Friday, February 8, 2013

Art Is Not A Vector It Is A Field

Last time, we were discussing a particular piece, The Only Way Out is Up, by abstract sculptor Jesse Soodalter, and I had quite a lot to say about what I saw in the piece. This post will really only make sense if you head back and read it - it's the part of this post below the final graphic.

Soodalter, when she read it, liked it fairly well, but she had a couple of points of disagreement. Let's look at the piece again:

Jesse Soodalter, The Only Way Out is Up
found object (asphalt), gold-colored aluminum wire, paper, October 2012

Here's Soodalter's first disagreement:

...the two interventions that you describe, while I agree that conceptually they're independent or at least distinct, in actual act are one gesture. The object is literally sewn to the paper with wire, not wrapped and then affixed. As I say, it doesn't invalidate the distinctness of those two axes, but it is quite important to (my own vision of) the nature of the piece that the object is bound to the paper, and embellished in the binding, not decorated and then mounted. Does that make sense?

Yes, of course it makes sense. Thinking it over, I realized that my list of interventions was incomplete: I talked about 1. the wrapping of the object in wire, and 2. the fixing of the object to the paper. But there was a prior intervention, intervention 0: surveying a field of garbage, of rubble, Soodalter saw this object. This object spoke to her, and she spoke back to it. She pulled it from the trash, and said, "There is something important to this one." In one sense, this is really the only important intervention; everything else just pretties up that initial recognition.

Now here is Soodalter's second disagreement:

The wire is as much there to constrain as to exalt, there's a sharpness and a punitive edge that is very much intrinsic to the piece – and to all the wire work, really; the diametric polysemy of wire is a huge part of my obsession with it.

Polysemy, by the way, is linguistic-theory talk for something like the concept I'm pursuing with this blog post overall. It's a term for a sign that has multiple related meanings; Soodalter, as I understand her, and I could be wrong, uses the phrase "diametric polysemy" to suggest that wire means some things, and other related things which are actually opposites of the first things - in this instance, the pinioning cruelty she describes is opposed to the benedictive gentleness I described.

What it amounts to is that you could say I got my entire interpretation wrong - I misunderstood how Soodalter made the work, I misunderstood the significance of how the work was made, and also I took the meaning of the work for the opposite of what Soodalter thought it was about.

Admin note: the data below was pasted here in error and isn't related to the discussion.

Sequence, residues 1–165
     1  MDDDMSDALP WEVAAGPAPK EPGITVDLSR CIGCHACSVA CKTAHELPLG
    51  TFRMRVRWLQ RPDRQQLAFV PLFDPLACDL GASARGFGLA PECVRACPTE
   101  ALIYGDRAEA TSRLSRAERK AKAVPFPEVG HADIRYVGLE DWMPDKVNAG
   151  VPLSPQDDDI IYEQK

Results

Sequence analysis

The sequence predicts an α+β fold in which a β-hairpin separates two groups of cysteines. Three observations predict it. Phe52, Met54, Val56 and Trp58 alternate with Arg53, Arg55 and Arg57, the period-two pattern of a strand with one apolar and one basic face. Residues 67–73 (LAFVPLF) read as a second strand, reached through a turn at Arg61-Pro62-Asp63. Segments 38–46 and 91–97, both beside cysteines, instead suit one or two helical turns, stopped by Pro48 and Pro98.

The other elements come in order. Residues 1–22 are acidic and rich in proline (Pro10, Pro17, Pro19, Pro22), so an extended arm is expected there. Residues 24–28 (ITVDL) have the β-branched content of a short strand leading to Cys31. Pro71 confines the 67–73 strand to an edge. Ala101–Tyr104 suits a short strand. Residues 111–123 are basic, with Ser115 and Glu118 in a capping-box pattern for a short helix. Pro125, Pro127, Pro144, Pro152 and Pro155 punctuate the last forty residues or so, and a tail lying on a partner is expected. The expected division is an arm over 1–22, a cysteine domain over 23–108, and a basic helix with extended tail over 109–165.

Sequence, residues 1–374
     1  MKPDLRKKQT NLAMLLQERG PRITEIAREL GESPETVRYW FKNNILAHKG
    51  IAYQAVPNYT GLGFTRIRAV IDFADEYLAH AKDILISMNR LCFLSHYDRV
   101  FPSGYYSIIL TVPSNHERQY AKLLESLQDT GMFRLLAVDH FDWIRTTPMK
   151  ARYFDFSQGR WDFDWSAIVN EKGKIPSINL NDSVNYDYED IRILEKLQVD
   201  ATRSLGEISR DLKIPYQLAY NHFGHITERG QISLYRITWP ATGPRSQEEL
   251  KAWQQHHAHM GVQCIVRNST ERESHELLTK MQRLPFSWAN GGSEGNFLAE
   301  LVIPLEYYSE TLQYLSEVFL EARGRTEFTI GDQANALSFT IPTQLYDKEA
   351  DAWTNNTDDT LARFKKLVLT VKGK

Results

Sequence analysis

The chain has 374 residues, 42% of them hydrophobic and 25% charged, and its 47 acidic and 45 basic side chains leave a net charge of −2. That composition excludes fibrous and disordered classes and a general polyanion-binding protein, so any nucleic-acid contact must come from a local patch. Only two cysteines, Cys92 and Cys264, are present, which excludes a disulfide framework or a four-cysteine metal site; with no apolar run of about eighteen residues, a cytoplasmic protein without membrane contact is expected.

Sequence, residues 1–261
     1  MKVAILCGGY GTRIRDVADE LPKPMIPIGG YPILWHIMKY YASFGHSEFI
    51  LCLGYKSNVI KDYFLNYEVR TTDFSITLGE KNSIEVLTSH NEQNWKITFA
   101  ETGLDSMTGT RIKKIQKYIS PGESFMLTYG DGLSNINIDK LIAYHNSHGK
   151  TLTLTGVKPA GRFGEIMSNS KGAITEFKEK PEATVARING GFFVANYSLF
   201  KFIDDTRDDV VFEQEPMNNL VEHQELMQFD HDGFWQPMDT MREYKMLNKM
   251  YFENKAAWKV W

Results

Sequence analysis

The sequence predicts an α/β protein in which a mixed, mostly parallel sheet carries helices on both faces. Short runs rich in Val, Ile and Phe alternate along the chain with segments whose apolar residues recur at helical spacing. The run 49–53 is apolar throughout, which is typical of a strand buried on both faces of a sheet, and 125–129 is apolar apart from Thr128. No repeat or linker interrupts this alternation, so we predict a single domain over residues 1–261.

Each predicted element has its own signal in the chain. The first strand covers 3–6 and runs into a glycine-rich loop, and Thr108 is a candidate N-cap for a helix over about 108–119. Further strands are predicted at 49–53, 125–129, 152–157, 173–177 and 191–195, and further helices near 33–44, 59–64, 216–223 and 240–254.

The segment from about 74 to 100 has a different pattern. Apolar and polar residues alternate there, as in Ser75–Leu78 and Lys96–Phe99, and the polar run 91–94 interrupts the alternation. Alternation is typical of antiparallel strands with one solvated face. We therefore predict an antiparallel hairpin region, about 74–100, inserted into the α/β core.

You could say I got my interpretation wrong; but this is not the best way to put it. Soodalter, after all, liked my version. She liked her version too, and her version contradicts my version, but she herself didn't reject my version. What does this mean? Does it mean that The Only Way Out is Up doesn't mean anything at all? Of course not. But what we are talking about by meaning in art is not, I think, the same as our normal impression of the idea of meaning. That's what I've been considering and why I'm writing to you today.

As you know, I will never propose a simple idea when a complicated one will do, or use two words instead of ten. Plus also I like math. So let's consider the difference between a vector and a vector field.

A vector is a mathematical construct which includes magnitude and direction:

a vector

They're very handy for representing things like forces. A force applied to a cart, for instance, gives it a push, a push with both magnitude and direction. A vector is well adapted for representing this situation.

Let's say instead of little Bobby pushing his Radio Flyer, though, we're talking about an electromagnet.

Like Bobby, an electromagnet produces force. Unlike Bobby, its force isn't a single vector tied to a single location in space (the handlebar of the cart). The electromagnet's force influences everything around it. For every point in space surrounding the electromagnet, a vector exists, waiting to act on amenable matter. This phenomenon is called a field. In this case, it is a vector field.

a simplified diagram of a vector field 
(simplified in the sense that not every point in the area has its vector illustrated)

The claim I am seeking to advance here is that the experience of art is more like a field than it is like a vector. Art itself is more like the electromagnet than it is like little Bobby. An adequate art object will mean the same thing to all viewers. A really impressive art object will mean many things to many viewers. Its purpose is not to create a single meaning, but to create a kind of aesthetic matrix which supports the discovery of meaning. Not just any meaning - but meaning of a sufficiently dense and profound variety to prove rewarding to the effort a viewer puts into looking at it.